HED: Senators await committee action on U.S. attorney nomination
By Marty Russell
Mississippi’s two U.S. senators are awaiting action by the Senate Judiciary Committee on President Clinton’s choice for the northern district U.S. attorney post before committing any support, but one said it may already be too late in Clinton’s term for the confirmation to go through.
“We’re getting very close to the time when usually nominations of that sort are shut down,” Sen. Trent Lott, R-Miss., said Thursday. “I doubt if there will be many of those appointments made after the first of June. Whether his gets in or not depends on how the Judiciary Committee moves.”
Clinton last week named assistant U.S. attorney Calvin “Buck” Buchanan as his choice to fill the U.S. attorney post in the northern district. The post has been filled by acting U.S. Attorney Al Moreton since Attorney General Janet Reno, shortly after Clinton took office, ordered the resignations in 1993 of all Republican-appointed U.S. attorneys.
Buchanan, 38, would become the first black to hold the U.S. attorney post in the district if he is confirmed by the Senate. The Okolona native said when the nomination was made that he would accept the $116,000-a-year job if confirmed despite the fact that he could be replaced in January if Clinton is not re-elected.
Buchanan could not be reached for comment Thursday afternoon on whether he expected the confirmation process to proceed.
“I don’t even know if the Senate Judiciary Committee has received the (nomination) papers yet,” Lott said. “But I’m sure once they are received Sen. (Thad) Cochran and I will get some sort of notification.”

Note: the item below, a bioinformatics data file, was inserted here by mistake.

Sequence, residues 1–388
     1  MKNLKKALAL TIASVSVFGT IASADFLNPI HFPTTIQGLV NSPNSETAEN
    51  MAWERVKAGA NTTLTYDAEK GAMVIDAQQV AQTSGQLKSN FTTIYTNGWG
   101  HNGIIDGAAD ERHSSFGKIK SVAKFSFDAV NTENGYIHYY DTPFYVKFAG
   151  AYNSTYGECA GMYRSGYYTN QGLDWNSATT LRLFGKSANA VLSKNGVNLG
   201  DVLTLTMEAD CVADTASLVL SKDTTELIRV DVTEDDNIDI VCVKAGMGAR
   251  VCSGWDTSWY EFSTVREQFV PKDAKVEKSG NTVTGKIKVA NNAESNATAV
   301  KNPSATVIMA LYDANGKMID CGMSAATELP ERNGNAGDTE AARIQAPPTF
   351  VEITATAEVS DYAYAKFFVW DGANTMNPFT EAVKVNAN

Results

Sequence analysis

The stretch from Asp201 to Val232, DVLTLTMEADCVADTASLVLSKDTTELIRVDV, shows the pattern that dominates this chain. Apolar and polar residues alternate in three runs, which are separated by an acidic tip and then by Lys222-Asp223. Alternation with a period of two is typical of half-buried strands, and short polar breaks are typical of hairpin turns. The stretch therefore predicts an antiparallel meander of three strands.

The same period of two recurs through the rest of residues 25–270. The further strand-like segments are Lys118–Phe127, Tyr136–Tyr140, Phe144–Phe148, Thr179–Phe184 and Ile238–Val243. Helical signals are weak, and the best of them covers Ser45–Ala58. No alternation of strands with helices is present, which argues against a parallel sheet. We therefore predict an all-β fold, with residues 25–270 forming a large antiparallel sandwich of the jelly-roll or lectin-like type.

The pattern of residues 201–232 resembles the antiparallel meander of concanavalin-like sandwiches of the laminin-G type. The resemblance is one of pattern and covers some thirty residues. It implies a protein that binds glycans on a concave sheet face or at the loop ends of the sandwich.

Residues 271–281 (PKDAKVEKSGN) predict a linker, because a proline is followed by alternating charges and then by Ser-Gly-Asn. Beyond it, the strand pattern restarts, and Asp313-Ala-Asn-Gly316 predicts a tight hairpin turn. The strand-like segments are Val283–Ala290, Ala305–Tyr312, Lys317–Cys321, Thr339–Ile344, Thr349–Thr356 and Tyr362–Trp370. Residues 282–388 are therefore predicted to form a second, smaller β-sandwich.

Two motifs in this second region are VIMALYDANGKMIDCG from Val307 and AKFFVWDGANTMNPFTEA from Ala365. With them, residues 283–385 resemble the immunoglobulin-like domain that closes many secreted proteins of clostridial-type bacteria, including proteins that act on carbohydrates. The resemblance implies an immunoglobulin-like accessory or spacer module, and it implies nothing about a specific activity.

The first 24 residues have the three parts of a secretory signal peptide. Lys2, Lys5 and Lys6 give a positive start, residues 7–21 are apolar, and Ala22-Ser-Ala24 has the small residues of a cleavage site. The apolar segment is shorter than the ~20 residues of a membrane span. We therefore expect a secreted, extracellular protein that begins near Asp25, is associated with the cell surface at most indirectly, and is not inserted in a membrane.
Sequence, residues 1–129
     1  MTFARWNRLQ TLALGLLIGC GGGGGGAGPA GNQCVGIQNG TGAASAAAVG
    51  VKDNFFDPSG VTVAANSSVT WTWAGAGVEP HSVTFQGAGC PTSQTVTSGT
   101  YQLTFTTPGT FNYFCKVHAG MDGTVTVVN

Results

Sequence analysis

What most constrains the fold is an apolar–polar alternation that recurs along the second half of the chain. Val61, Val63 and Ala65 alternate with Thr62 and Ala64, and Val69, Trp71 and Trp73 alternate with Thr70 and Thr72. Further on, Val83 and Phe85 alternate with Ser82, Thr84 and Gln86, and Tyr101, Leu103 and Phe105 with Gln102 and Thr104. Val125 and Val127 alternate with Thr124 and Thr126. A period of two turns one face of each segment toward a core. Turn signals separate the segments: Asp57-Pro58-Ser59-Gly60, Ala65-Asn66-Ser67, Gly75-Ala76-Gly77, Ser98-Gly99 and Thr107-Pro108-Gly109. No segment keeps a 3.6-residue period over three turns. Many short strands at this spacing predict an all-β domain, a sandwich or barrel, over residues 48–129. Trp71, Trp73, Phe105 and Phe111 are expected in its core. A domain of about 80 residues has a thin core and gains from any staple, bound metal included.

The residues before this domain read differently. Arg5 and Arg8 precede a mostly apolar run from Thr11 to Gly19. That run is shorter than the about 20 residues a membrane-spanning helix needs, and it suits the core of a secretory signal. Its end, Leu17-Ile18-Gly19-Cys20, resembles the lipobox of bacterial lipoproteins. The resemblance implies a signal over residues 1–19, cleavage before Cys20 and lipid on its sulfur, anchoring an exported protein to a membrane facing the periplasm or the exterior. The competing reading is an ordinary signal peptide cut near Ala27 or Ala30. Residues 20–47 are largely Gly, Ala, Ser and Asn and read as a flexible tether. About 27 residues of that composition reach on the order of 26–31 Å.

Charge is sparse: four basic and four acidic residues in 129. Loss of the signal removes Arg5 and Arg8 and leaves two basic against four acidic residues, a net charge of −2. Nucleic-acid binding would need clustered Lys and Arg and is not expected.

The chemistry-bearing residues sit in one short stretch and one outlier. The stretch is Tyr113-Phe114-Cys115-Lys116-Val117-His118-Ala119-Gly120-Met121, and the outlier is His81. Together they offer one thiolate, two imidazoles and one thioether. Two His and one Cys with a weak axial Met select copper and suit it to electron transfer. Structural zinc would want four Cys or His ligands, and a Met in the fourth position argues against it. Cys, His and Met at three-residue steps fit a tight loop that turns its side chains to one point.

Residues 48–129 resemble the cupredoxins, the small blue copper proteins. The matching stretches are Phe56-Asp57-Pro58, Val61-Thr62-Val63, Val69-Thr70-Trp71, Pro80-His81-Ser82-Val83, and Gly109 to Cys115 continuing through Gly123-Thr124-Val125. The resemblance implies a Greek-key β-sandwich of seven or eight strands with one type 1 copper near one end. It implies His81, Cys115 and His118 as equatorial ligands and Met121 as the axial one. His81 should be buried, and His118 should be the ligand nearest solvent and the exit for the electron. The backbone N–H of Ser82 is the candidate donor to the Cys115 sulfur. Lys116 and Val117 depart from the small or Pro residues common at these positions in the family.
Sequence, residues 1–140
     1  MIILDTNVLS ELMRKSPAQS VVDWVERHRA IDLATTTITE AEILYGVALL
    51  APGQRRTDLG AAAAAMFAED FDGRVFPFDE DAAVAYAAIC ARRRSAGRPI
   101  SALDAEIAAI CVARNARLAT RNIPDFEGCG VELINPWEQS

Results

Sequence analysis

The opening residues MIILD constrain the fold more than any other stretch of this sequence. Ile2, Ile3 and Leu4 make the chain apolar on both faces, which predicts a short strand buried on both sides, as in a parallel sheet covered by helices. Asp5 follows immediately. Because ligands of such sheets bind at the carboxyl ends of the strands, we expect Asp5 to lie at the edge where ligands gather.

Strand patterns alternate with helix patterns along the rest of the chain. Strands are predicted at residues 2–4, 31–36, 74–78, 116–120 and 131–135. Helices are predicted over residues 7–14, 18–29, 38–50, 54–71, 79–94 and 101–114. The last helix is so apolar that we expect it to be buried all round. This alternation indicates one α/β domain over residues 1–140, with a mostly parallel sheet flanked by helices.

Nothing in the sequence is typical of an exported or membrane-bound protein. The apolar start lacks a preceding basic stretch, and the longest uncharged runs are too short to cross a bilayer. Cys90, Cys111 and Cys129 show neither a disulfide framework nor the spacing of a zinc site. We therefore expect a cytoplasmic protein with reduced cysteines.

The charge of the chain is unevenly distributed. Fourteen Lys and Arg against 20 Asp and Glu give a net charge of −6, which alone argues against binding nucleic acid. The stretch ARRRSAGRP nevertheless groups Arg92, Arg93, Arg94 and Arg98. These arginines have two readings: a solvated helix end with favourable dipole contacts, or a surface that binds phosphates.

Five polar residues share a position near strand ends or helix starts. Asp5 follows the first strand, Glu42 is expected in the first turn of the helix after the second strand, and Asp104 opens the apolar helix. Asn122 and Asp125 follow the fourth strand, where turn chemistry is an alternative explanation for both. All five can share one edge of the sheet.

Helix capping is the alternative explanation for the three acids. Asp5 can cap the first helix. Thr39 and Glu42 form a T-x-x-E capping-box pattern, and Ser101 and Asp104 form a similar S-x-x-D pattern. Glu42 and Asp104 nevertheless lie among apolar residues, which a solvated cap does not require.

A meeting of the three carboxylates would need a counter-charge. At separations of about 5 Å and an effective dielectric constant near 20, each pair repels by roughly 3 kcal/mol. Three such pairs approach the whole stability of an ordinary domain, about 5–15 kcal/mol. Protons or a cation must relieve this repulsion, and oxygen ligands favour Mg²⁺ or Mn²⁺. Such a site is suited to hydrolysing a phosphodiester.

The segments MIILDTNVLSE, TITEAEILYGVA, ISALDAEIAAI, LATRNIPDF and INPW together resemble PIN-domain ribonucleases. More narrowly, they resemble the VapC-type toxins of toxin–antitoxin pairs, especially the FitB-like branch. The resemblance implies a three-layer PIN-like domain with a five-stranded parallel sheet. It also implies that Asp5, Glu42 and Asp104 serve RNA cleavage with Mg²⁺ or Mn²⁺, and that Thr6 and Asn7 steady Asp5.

Cochran, while praising Buchanan’s work, also withheld judgment on the nomination pending Judiciary Committee action. Neither of the state’s senators serves on the committee.
“Mr. Buchanan is a hard working and dependable assistant U.S. attorney,” Cochran said. “The Senate Judiciary Committee will review his background, record and qualifications before making a recommendation to the Senate on his confirmation. I will be reviewing those findings and the recommendation of the committee and issuing an additional statement about the nomination at that time.”
Buchanan, in an earlier interview, said he did not expect any problems in being confirmed and Lott said that could be the case.
“I don’t know of any particular problems he has so it’s possible it could move through,” Lott said.
But he added that, if the confirmation did not proceed, the Democrats only had themselves to blame.
“They’ve taken three years and three months so they can’t complain too much if it doesn’t go through,” Lott said.
The appointment has been held up by bickering within the state Democratic Party and by Clinton’s insistence that at least one of the state’s two U.S. attorneys be an African-American. In August of 1994, white attorney Brad Pigott was picked for the southern district U.S. attorney post.
After the three candidates recommended by Clinton’s campaign co-chairmen – former Gov. William Winter and former 2nd District U.S. Rep. Mike Espy – were rejected, in part by then Democratic Party Chairman Ed Cole, current 2nd District U.S. Rep. Bennie Thompson stepped in to pick a nominee. Buchanan confirmed that Thompson was instrumental in his nomination.